Stephen Miller: ‘Cancel Culture’ Seeks to Silence Majority

Protestors carry placards during a demonstration called by the Rhodes Must Fall campaign calling for the removal of the statue of British imperialist Cecil John Rhodes outside Oriel College, at the University of Oxford on June 9, 2020. - Following the toppling of slave trader Edward Colston during a Black …
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“Cancel culture is a very grave threat to American freedom,” White House aide Stephen Miller told the Larry O’Connor radio show shortly after a Cato Institute survey showed that most Americans are silencing themselves amid online hostility.

“The share of moderates who self‐​censor increased 7 points from 57% to 64%, and the share of conservatives rose 70% to 77%, also a 7‐​point increase,” according to Cato’s July survey. “Strong conservatives are the only group with little change. They are about as likely now (77%) to say they hold back their views as in 2017 (76%).”

This “cancel culture” is intended to silence ordinary Americans, Miller told O’Connor July 24:

It is an effort at making people so afraid to speak their minds that a minority of radicals can effectively intimidate a majority of common-sense Americans, and that’s often how totalitarianism functions. If you can scare people at saying things they know to be true, and then you can even deprive them of the language to express themselves — not illegal aliens, but undocumented Americans, right? Not rioters and anarchists peaceful protesters …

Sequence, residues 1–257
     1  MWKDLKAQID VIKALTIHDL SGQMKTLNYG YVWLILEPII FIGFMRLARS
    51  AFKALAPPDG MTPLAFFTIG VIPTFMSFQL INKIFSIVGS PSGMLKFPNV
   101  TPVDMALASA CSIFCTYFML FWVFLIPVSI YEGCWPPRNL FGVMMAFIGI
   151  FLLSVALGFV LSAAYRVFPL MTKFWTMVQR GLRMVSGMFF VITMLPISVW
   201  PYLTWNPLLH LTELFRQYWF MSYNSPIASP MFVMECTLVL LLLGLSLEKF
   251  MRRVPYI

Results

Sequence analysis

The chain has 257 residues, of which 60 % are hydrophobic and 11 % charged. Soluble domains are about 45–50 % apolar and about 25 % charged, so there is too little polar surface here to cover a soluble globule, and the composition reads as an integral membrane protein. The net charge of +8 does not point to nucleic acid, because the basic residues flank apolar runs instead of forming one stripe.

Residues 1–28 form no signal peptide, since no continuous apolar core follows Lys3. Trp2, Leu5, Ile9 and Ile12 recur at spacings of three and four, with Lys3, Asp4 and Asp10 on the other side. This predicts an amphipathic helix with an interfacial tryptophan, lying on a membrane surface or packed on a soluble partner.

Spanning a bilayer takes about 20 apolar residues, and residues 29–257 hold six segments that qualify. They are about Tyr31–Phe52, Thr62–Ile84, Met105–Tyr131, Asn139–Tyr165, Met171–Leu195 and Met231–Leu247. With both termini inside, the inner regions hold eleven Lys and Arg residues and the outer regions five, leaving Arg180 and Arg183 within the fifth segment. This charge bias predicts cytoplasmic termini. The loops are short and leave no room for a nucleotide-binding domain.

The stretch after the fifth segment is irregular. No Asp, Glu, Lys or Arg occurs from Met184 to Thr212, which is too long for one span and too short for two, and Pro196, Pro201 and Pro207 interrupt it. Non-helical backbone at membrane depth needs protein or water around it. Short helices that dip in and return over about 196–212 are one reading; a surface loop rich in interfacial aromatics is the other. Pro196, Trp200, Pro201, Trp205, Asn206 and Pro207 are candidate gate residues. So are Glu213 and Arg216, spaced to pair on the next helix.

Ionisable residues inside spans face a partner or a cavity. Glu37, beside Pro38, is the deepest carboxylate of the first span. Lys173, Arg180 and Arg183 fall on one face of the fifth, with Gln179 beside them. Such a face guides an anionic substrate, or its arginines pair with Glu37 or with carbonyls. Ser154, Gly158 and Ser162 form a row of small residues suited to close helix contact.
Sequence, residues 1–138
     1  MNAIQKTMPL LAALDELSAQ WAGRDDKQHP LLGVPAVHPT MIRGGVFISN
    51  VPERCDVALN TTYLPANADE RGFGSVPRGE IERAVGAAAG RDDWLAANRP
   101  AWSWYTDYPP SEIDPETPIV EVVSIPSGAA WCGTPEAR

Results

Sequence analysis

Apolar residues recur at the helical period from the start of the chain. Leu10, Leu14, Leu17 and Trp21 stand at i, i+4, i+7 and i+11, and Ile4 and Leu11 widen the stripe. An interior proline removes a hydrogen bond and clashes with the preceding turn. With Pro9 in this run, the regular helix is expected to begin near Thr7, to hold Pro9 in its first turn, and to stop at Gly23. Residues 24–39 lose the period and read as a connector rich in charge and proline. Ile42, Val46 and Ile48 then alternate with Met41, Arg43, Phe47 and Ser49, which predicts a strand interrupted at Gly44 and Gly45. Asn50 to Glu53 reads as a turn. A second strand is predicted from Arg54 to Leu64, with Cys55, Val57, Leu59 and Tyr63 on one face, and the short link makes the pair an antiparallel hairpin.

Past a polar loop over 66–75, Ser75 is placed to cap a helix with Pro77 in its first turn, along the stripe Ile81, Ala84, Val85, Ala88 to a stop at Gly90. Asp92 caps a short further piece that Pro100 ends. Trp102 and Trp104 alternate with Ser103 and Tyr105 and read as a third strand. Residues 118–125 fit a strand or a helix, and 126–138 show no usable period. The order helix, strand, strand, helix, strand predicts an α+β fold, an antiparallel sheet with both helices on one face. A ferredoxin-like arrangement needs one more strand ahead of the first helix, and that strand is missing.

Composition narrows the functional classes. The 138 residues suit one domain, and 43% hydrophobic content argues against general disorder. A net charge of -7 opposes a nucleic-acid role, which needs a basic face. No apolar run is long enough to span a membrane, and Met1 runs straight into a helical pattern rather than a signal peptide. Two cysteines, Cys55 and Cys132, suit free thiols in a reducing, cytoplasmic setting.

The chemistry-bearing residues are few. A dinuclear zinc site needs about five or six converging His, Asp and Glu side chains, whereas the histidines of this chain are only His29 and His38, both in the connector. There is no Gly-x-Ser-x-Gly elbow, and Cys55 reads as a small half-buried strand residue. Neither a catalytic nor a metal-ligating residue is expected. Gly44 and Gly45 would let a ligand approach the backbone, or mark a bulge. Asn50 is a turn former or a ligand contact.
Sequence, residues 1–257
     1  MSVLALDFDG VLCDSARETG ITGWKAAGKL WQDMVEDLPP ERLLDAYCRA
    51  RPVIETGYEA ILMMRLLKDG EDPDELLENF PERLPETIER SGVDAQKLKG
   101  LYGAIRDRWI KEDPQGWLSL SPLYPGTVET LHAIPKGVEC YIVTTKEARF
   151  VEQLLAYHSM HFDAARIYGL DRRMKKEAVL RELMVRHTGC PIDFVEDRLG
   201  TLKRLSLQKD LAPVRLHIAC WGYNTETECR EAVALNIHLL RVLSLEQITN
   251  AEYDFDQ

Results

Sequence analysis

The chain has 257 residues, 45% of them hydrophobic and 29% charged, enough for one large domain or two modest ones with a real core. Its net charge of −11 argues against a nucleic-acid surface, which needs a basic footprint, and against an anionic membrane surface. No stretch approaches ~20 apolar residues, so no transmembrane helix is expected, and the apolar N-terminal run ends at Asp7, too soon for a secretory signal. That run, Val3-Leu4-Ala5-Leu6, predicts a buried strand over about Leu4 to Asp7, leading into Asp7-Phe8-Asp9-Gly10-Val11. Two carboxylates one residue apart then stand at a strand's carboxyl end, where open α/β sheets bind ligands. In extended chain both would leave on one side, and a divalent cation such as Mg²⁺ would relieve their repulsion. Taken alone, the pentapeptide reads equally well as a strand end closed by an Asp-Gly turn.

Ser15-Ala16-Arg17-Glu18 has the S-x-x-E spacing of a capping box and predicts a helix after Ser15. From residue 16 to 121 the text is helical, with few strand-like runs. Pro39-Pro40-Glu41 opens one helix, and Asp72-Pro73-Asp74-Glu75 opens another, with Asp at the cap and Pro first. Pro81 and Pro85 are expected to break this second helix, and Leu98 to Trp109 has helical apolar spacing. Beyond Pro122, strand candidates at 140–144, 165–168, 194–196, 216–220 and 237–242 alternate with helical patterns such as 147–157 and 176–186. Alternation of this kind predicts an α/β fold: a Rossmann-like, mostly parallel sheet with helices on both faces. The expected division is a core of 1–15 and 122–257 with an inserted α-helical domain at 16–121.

When you take away people’s language, and then you punish them severely and excoriate them for saying things that we all know to be true, it’s possible for a minority of people to effectively bully the majority into acquiescence. That must be fought against above virtually any other objective we have right now.

“The silent majority of Americans [must] refuse to be silent,” Miller said.

Miller spoke the day before pro-migration advocates picketed the Virginia home of Chad Wolf, the acting secretary of the Department of Homeland Defense.

The Cato survey does not explain why people feel threatened, said Emily Ekins, director of polling at the Cato Institute. “We don’t know because they are afraid to tell us,” she told Breitbart News.

Black-white racial differences do not explain the trend, she said, partly because the survey shows increased concerns among Latino and black Americans, she said.

Cato’s report noted:

Self‐​censorship is widespread across demographic groups as well. Nearly two‐​thirds of Latino Americans (65%) and White Americans (64%) and nearly half of African Americans (49%) have political views they are afraid to share. Majorities of men (65%) and women (59%), people with incomes over $100,000 (60%) and people with incomes less than $20,000 (58%), people under 35 (55%) and over 65 (66%), religious (71%) and non‐​religious (56%) all agree that the political climate prevents them from expressing their true beliefs.

A July survey showed that cancel culture has its strongest support among liberal postgraduate men. It is most strongly supported by people who are worried about the economy, health care, or retirement, rather than about issues such as feminism, diversity, or the environment.

But Americans may be able to overcome the concerns if they recognize how many other people share their opinions, Ekins said.

“People need to discover that other people feel like they do … If more people felt like, ‘Hey, I’m not the only one who feels that way,’ and they discover that other people feel this fear, then they might express their point of view.”

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